The Odyssey - The Odyssey Background & Themes Ms....

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Unformatted text preview: The Odyssey Background & Themes Ms. Cosmos, Freshman Language Arts Adapted from Mr. Lewis Introduction to The Odyssey A man named Homer was credited with gathering numerous stories and forming them into two long works,The Illiad and The Odyssey. The Illiad deals with a war between the great city of Troy and an alliance of Greek kings. The Odyssey details the attempt of one Greek solider, Odysseus, to get home after the Trojan War. Background Information- The Illiad The Illiad is set in the tenth and final year of the Trojan War. The Greeks attacked Troy because a king' s wife (named Helen) ran off with a young prince of Troy. The Greeks were eventually victorious. Background Information- The Odyssey The Odyssey deals with Odysseus' s long journey home from the war. In The Odyssey we first meet Odysseus 20 years after leaving Ithaca to fight in Troy and 10 years after having left Troy to return home. The Odyssey is marked by melancholy and a feeling of post-war disillusionment. Unlike many heroes of his time, readers can relate with a character like Odysseus. About the Author No one is quite sure who Homer was. Theories have circulated that Homer was a blind singer or that he was a legend. Some believe that the work of Homer is actually the work of multiple authors. Rhapsodes, or " singers of tales," were singers who traveled from town to town telling stories of history, recent events, and of gods and goddesses. What is an Epic? An epic is a long narrative poem that tells of the adventures of heroes who in some way embody the values of their civilization. For centuries Greeks used The Odyssey in schools in order to teach values. While there are many different types of epics, The Odyssey is a model for the epic of a long journey. How Were the Epics Told? Most stories were sung by people who couldn' t read or write. The singers followed a basic storyline, but improvised the minor details of the story from night to night. The Odyssey is 11,300 lines long. It is assumed that many storytellers summarized parts of the works and went into greater detail during the more exciting scenes. Themes in The Odyssey Good vs. Evil The Everyday Hero Quests of Father and Son Relations between humans and gods Good vs. Evil Heroes & Monsters: Both good (heroes) and evil (monsters) come from the gods. Heroes (good) = men of great courage and wisdom who depict respected values through valiant actions Monsters (evil) = ugly & dangerous, born of anger Greek stories often depict a conflict that arises when these two forces meet. An everyday Hero Greek heroes are usually above all others, just below gods Odysseus is a troubled hero . . . He is known for heroic deeds in the past But . . . He makes many mistakes & shows his flaws on his journey home in The Odyssey Quest of Father and Son The Odyssey tells the story of Odysseus, but also of his son, Telemachus. Odysseus is on a quest to return home. Telemachus is on a quest to find his father and protect his mother and home. Both represent a search (quest) for self at different stages of life: youth and middle age. Relations Between Humans and Gods Gods control all things Gods "play favorites" Humans are expected to respect the gods. Humans who challenge the gods show hubris (excess pride). Athena favors Odysseus, Poseidon is his enemy. Odysseus shows some hubris, and he is punished for this. ...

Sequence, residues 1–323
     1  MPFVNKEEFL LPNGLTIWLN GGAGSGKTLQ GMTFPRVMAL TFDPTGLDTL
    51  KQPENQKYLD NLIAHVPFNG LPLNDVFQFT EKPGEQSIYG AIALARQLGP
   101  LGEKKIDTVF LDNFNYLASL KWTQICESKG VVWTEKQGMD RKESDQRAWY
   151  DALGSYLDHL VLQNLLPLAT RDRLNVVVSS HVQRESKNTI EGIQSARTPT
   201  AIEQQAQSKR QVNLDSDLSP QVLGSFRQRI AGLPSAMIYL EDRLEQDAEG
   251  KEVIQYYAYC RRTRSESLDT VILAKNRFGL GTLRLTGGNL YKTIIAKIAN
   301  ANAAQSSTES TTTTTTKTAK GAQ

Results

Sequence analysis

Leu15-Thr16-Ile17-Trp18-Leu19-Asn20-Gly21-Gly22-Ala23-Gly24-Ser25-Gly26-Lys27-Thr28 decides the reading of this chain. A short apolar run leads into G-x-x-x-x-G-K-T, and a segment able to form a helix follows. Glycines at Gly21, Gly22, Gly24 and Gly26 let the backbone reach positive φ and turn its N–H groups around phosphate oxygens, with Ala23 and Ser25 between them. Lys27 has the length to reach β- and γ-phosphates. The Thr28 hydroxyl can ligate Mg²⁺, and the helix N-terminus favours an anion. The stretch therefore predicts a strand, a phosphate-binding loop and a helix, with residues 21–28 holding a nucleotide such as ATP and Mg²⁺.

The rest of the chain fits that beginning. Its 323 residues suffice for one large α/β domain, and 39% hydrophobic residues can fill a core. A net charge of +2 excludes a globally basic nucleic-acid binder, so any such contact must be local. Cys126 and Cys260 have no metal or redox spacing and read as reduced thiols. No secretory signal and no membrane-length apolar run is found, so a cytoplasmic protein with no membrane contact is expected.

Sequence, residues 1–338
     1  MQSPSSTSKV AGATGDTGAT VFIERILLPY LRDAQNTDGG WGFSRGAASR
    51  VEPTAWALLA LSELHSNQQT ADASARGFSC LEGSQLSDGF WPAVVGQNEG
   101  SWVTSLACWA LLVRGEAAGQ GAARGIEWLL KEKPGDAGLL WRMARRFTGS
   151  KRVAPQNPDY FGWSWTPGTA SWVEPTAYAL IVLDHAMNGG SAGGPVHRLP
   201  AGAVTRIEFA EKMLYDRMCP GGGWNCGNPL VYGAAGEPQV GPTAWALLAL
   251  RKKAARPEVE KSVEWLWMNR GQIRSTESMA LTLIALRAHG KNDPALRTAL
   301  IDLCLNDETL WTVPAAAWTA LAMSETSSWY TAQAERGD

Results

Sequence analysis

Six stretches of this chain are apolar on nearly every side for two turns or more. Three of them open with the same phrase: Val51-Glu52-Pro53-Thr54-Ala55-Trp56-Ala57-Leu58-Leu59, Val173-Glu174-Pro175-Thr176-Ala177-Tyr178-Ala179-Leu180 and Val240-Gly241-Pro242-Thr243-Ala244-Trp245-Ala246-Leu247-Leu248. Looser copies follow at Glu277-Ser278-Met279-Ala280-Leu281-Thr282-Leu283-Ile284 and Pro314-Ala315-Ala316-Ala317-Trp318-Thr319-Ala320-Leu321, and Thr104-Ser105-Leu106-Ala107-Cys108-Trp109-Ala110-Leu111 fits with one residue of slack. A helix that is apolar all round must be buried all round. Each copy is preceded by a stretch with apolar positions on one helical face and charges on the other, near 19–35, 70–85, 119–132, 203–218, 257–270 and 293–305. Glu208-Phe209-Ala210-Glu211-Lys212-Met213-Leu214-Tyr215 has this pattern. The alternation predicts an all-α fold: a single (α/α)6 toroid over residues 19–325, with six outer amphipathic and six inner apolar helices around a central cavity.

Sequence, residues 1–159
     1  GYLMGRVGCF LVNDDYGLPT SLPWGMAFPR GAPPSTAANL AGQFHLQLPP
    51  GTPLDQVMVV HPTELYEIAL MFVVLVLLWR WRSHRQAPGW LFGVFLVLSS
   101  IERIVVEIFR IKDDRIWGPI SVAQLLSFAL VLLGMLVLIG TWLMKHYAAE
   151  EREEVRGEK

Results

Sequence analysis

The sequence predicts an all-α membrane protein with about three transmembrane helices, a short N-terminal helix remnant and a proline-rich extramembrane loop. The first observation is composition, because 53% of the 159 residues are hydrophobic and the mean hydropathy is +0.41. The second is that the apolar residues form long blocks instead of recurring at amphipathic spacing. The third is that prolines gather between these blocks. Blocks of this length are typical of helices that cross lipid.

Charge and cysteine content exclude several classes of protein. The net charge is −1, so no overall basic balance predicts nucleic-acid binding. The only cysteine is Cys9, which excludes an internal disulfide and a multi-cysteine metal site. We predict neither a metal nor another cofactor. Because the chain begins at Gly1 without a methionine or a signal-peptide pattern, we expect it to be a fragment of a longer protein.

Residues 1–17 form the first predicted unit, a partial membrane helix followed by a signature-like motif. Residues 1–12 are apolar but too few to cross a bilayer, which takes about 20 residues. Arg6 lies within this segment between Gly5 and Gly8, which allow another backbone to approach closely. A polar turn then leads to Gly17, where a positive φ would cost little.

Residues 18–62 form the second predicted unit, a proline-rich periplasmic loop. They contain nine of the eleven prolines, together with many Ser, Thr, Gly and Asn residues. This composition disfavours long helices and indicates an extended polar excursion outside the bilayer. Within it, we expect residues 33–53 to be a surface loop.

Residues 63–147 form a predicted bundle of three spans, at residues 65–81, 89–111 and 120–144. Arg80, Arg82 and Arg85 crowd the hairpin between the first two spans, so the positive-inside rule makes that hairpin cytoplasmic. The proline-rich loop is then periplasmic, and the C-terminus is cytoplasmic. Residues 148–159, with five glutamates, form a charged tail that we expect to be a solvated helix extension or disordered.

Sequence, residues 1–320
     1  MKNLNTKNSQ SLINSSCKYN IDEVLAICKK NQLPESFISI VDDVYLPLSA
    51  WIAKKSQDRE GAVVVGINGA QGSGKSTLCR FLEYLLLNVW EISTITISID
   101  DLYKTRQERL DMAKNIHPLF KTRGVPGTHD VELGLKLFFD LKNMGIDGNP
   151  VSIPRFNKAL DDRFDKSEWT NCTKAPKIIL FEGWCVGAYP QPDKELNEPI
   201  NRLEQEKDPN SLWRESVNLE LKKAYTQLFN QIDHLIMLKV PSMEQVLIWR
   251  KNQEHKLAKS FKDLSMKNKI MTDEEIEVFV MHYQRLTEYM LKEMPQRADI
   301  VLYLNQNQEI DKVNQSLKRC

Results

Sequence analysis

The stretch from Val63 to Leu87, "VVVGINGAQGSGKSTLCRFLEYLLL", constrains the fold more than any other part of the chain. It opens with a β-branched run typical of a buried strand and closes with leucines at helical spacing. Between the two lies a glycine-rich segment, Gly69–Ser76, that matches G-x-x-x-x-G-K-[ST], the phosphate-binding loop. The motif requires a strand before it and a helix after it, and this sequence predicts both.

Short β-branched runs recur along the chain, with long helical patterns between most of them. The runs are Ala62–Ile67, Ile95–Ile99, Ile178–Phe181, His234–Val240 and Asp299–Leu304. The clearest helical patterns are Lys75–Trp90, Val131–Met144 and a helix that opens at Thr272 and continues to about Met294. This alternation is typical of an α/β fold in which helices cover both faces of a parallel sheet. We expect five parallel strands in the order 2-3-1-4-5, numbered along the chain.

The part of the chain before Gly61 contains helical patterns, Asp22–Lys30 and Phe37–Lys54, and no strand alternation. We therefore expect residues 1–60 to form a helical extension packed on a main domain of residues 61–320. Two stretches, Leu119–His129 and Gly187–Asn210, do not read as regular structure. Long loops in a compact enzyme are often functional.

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This note was uploaded on 05/16/2011 for the course LIT 113 taught by Professor Howard during the Fall '09 term at Grand Valley State University.

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